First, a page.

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Snowshoes vs Cross Country Skiing

Steven Depolo on Flickr

It is winter in the northern latitudes and time to at least think about getting outdoors, for the exercise if not to clear your head. You could snowmobile but that's cheating. And probably expensive to rent, never mind the cost of gasoline or the futility of trying to listen for wildlife over the roaring engine.

More interesting is to consider snowshoes versus cross country skiing. Both get you outdoors in the snow, with the possibility of being away from civilization. But they work in very different ways. You step with snowshoes and glide with cross country skis. Well, most of the time. And you can't slide down slopes with snowshoes.

Which got me thinking: which is better for you, snowshoes or skiing with cross country skis? This column is about what happens when internet research skills are used to look up fun stuff that has nothing to do with WordPress. Here's what I found.

First, unless you need time alone, bring friends. All the photos I found with groups of people on snowshoes seemed to have a blast. And they got into some stunning remote places with their feet and snowshoes the size of Sasquatch's feet.

Let's run through a few questions:

Which is better, cross country skis or snowshoes? There's even a YouTube video to answer this question. Indeed, there are a frightening amount of videos of people walking in snowshoes.

Key takeaways from this video include:

  • With snowshoes you can walk anywhere, even through bracken, places cross country skis might not go.
  • Cross country skiing is repetitive.
  • Cross country skiing is repetitive.
  • This guy needs to invest in duct tape and a helmet to tape down his phone camera.
  • Cross country skiing is repetitive.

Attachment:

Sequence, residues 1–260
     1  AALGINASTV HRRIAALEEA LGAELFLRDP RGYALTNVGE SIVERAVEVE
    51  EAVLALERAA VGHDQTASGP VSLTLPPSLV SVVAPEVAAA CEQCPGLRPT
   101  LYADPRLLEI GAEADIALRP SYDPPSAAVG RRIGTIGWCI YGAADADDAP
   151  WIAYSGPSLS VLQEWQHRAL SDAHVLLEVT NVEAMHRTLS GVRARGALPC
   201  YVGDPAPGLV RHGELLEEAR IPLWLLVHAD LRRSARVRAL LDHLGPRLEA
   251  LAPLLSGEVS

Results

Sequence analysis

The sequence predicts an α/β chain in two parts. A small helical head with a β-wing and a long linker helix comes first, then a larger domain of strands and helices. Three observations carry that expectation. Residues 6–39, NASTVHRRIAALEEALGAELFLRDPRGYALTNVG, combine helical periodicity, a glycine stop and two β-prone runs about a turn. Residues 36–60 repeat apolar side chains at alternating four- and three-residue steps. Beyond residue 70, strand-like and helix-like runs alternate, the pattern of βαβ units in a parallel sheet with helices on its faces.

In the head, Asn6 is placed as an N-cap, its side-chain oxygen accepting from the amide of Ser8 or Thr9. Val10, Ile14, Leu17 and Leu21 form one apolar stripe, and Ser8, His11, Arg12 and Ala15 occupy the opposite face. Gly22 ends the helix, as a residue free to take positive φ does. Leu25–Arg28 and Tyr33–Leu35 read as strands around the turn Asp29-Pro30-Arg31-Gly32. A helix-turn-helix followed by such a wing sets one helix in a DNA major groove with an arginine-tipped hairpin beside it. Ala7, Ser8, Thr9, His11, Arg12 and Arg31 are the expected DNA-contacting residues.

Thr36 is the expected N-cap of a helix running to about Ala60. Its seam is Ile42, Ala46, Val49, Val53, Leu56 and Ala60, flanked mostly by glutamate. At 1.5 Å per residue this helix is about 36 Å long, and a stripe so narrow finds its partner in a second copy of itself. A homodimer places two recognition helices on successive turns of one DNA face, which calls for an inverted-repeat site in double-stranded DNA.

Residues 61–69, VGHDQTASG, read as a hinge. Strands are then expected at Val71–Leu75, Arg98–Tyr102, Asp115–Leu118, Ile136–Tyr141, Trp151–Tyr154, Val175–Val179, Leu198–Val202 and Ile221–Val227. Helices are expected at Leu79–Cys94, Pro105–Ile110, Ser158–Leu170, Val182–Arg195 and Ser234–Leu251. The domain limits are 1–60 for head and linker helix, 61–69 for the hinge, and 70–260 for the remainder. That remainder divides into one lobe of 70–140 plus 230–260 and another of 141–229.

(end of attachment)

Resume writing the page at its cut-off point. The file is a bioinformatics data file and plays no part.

Score Snowshoes 1, Cross Country Skiing 0, Phone Cam 0.

Much more fun is Extreme Snowshoe-ing, which is what you think it is. The Snowshoe Bluntside rather reminded me of my days pole vaulting and falling down on the cross bar, a leg on either side. You learn to put your hands around your knees to prevent damage, after not paying attention the first time. The Snowshoe Tree Grind is fun, too, although I pity the trees.

Can you even extreme cross country ski? Score Snowshoes 2, Cross Country Skiing 0. Although I wonder if the UK has snow since this video is shot in Germany with a bunch of Brits. Perhaps snowshoeing and cross country skiing in the UK is a moot point? When I Googled, “where to snow shoe in the UK,” I only got sites for Snowshoe cat clubs. Seriously.

Next question: How many calories can you burn snowshoes versus cross country skiing? That turns out to be easy to find out. Going 3.5 miles per hour on Nordic skis (aka cross country skiing) burns 600 calories an hour while snowshoes at the same pace burns 740 calories an hour. Which leads to a sobering thought: the cross country skier probably is more rested after an hour than the snow shoe person who has to lift their legs, over and over. No gliding on snow shoes. Of course, snow shoes and cross country skiing burn way more calories than walking or running.